As I offer him the parchment, I hear her. My queen’s voice is a whisper, gentle as a candle on a chill night. Once you do this, you can never come back. All hope for you is lost, Meherya. Consider.
I do as she asks. I consider.
Then I remember she is dead and gone and has been for a millennium. Her presence is a delusion. Her voice is my weakness. I proffer the scroll to the Wraith Lord.
“See that it finds Blood Shrike Helene Aquilla,” I tell him. “And no other.” He bows, and the efrits sail forward. I order the efrits of air away; I have a separate task for them. The rest kneel.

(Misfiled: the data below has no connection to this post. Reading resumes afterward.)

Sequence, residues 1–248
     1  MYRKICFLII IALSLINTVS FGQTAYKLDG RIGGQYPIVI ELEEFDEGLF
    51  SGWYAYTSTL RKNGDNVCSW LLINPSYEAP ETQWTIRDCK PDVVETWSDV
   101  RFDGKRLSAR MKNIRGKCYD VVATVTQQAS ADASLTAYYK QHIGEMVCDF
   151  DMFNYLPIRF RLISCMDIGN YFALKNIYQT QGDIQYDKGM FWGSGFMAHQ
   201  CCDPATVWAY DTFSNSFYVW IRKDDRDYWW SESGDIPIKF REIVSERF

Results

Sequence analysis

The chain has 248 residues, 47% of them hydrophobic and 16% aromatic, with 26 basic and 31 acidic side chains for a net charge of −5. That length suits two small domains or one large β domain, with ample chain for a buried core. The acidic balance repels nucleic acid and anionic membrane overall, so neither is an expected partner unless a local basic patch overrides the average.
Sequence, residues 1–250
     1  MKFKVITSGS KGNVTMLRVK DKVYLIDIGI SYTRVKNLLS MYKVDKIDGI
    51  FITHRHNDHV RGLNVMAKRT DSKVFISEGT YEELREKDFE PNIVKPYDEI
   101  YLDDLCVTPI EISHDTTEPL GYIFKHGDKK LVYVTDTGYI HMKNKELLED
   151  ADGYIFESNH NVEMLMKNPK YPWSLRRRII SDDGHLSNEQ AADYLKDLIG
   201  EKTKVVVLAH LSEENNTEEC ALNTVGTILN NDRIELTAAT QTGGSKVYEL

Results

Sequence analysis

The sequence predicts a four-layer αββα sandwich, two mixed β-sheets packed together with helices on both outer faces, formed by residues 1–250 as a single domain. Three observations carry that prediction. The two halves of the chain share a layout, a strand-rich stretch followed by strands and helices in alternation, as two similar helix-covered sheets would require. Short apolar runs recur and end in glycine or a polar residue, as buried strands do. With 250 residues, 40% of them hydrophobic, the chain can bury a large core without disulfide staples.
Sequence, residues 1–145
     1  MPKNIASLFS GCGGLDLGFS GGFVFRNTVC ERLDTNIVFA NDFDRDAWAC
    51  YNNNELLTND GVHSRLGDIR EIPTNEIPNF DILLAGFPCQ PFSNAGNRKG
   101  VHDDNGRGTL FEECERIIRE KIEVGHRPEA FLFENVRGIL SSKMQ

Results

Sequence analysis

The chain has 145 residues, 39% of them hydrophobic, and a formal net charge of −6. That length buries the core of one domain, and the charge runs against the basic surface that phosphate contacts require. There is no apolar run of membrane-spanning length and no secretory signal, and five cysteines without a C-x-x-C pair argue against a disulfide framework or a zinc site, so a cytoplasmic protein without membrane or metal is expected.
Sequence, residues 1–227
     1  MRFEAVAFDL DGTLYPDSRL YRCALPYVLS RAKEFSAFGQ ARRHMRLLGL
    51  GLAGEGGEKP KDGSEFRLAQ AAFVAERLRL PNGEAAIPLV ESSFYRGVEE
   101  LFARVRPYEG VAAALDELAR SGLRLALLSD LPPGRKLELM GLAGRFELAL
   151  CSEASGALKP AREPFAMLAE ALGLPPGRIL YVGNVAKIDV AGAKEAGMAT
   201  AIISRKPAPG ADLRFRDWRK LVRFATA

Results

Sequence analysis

“Long ago, you gave the Scholars knowledge that led to the destruction of my people and the fey world.” A jolt of memory ripples through their ranks. “I offer you redemption. Go to our new allies in the south. Help them understand what they can call forth from the dark places. The Grain Moon will rise six months hence. See it done well before then. And you”—the ghuls press close—“glut yourselves. Do not fail me.”
When they have all left me, I contemplate the Star and think of the treacherous jinn girl who helped bring it into being. Perhaps to a human, the weapon would shine with promise.
I feel only hatred.
A face drifts to the forefront of my mind. Laia of Serra. I recall the heat of her skin beneath my hands, how her wrists crossed behind my neck. The way she closed her eyes and the golden hollow of her throat. She felt like the threshold of my old home when the rushes were fresh-changed. She felt safe.
You loved her, my queen says. And then you hurt her.